A Panamanian man and his two friends had been drifting for 16 days in an open fishing boat in the Pacific Ocean when they saw a huge white ship last month. They would be saved, they thought, and Adrian Vasquez began waving a dark red sweater.
Bird-watchers with powerful spotting scopes on the promenade deck of the luxury cruise ship Star Princess saw a little boat adrift miles away. They told ship staff about the man desperately waving a red cloth.
The cruise ship didn't stop, and the fishing boat drifted another two weeks before it was found. By then, Vasquez's two friends had died.
"I said, 'God will not forgive them,' " Vasquez told the Associated Press as he recalled the encounter in the waters off South America. "Today, I still feel rage when I remember."
Thursday, Princess Cruises, based in Santa Clarita, Calif., said a preliminary investigation showed that passengers' reports that they had spotted a boat in distress never made it to Capt. Edward Perrin or the officer on duty.
If it had, the company said, the captain and crew would have altered course to rescue the men, just as the cruise line has done more than 30 times in the last 10 years. The company expressed sympathy for the men and their families.
On Feb. 24, the three men set out for a day of fishing from Rio Hato, the site of a former U.S. Army base guarding the Panama Canal on the Pacific Coast. They were on their way back, happy with their catch, when the motor died.
Vasquez recalled seeing the ship on the morning of March 10. "It was big; it was white," he said.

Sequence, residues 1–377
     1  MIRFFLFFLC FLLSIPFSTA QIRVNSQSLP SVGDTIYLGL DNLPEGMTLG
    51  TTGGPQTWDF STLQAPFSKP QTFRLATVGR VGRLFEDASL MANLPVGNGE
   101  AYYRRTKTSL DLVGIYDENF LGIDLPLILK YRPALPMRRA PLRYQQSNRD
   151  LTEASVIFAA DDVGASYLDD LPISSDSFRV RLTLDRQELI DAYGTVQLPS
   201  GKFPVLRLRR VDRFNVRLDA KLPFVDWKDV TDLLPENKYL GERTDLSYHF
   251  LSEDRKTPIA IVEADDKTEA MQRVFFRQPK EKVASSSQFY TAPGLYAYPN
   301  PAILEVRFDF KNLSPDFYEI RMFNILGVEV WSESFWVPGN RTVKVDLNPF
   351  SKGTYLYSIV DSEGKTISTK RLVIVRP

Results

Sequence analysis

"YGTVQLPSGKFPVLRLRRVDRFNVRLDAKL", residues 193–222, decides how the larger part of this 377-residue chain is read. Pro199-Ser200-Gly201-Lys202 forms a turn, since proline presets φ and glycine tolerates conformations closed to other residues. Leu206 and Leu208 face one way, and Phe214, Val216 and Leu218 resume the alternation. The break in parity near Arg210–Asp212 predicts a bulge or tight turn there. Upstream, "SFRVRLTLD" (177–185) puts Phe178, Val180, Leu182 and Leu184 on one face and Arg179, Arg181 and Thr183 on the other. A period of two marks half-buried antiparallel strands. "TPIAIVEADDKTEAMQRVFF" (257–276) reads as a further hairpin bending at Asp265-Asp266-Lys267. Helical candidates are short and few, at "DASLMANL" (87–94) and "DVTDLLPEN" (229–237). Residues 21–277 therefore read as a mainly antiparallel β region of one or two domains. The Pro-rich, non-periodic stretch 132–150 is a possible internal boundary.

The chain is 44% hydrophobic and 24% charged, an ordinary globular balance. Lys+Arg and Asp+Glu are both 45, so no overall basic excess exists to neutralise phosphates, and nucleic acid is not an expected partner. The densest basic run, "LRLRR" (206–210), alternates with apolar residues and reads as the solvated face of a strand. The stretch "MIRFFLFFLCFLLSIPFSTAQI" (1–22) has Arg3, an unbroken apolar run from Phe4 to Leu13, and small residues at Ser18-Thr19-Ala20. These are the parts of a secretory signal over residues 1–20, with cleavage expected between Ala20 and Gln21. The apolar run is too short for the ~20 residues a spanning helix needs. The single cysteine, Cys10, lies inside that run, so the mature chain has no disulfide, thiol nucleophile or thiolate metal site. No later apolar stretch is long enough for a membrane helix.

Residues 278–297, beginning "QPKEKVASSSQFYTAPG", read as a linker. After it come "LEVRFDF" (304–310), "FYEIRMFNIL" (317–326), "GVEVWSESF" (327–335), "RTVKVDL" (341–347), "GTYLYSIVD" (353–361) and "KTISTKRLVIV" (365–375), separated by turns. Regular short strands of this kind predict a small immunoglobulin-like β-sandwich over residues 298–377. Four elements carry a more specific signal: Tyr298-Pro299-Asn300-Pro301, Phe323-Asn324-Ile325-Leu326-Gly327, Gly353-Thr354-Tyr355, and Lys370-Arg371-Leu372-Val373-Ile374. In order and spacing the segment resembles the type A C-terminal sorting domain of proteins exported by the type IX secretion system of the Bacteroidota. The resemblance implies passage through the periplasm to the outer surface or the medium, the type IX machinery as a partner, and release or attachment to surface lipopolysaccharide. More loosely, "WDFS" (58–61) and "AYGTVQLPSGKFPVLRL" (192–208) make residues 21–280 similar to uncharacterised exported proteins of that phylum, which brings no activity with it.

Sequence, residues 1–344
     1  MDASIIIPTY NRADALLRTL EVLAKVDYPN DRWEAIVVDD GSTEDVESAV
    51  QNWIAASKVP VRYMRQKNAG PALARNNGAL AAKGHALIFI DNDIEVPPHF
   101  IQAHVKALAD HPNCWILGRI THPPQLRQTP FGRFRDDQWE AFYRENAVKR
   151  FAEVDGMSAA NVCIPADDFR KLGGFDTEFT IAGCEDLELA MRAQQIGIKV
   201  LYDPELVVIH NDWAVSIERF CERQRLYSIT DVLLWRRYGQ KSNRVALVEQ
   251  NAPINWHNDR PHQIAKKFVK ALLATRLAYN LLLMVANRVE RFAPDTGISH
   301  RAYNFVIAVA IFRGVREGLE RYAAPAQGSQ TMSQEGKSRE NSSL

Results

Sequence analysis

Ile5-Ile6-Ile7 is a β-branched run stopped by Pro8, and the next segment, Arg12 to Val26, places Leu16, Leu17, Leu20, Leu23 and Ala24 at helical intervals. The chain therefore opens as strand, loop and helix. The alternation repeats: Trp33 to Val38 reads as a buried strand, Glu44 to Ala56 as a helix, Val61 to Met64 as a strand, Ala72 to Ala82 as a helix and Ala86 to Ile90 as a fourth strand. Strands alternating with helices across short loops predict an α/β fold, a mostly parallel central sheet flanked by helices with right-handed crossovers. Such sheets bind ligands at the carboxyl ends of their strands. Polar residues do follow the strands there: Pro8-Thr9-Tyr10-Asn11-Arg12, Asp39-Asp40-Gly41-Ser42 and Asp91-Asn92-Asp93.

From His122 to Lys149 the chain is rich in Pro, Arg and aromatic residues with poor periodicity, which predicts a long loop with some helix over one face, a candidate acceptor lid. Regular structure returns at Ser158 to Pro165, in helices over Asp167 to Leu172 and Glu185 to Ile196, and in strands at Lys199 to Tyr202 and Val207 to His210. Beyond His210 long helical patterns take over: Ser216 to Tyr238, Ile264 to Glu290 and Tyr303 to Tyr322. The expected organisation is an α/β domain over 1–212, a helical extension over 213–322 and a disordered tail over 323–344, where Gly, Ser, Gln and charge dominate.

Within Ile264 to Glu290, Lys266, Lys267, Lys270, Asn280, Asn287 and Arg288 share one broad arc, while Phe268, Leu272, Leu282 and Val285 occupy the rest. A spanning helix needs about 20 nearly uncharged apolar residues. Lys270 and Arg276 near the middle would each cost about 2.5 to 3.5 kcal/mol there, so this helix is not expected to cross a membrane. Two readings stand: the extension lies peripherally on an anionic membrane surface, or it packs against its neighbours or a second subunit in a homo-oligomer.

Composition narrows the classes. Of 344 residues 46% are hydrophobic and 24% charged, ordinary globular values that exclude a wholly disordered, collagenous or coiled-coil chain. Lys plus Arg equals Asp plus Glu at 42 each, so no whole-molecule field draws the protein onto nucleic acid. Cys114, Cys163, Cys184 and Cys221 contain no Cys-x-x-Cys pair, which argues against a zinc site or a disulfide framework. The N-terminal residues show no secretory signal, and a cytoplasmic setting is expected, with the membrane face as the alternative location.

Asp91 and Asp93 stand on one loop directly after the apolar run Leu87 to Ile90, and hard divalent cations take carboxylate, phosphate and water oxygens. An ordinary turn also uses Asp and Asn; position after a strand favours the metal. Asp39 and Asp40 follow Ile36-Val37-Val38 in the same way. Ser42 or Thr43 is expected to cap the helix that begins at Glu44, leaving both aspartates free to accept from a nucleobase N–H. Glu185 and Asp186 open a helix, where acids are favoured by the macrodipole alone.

He remembered jumping up and waving the sweater. He repeatedly raised it over his head, then dropped it down to his knees. Though near death, Elvis Oropeza Betancourt, 31, joined in, waving an orange life jacket.
"Tio [dude], look what's coming over there," Vasquez recalled saying.
"We felt happy, because we thought they were coming to rescue us," he said.
Bird-watcher Jeff Gilligan from Portland, Ore., was the first to spot the boat, something white that looked like a house.
When Judy Meredith of Bend, Ore., looked through the spotting scopes, she could plainly see it was a small open boat, like the kinds they had seen off Ecuador. She also could see a man waving what looked like a dark red T-shirt.
"You don't wave a shirt like that just to be friendly," Meredith said. "He was desperate to get our attention."
Barred from going to the bridge to notify the ship's officers, Meredith said she told a Princess Cruises sales representative what they had seen, and he assured her that he passed the news on to the crew.
Meredith went to her cabin and noted their coordinates from a TV feed from the ship, booted up her laptop and emailed the U.S. Coast Guard what she had seen. She said she hoped someone would get the message and help.
She sent a copy to her son. When she returned to the promenade deck, she could still see the boat.
But nothing happened. The ship kept going, and the little boat with the waving men disappeared.
"We were kind of freaking out, thinking we don't see anything else happening," Meredith said.
Gilligan could no longer bear to watch.
"It was very disturbing," he said. "We asked other people, 'What do you think we should do?' Their reaction was: 'Well, you've done what you could do.' Whether something else could have been done, that's a bit frustrating to think about."
Betancourt and Fernando Osario died. Vasquez was picked up by a fishing boat off Ecuador's Galapagos Islands, more than 600 miles from where they had set out.
Back at home in Oregon, Meredith couldn't sleep, wondering what had happened to the men. Reading a news story about a Panamanian rescued off Ecuador after 28 days in an open boat, she figured that was the boat they had seen.
The company said in an email that the investigation was continuing.
Gilligan said he has had trouble coming up with an explanation for what happened.
"My only theory is the people on the bridge have seen a lot of fishing boats," he said. "And they were on a tight schedule, and they let the schedule cloud their judgment."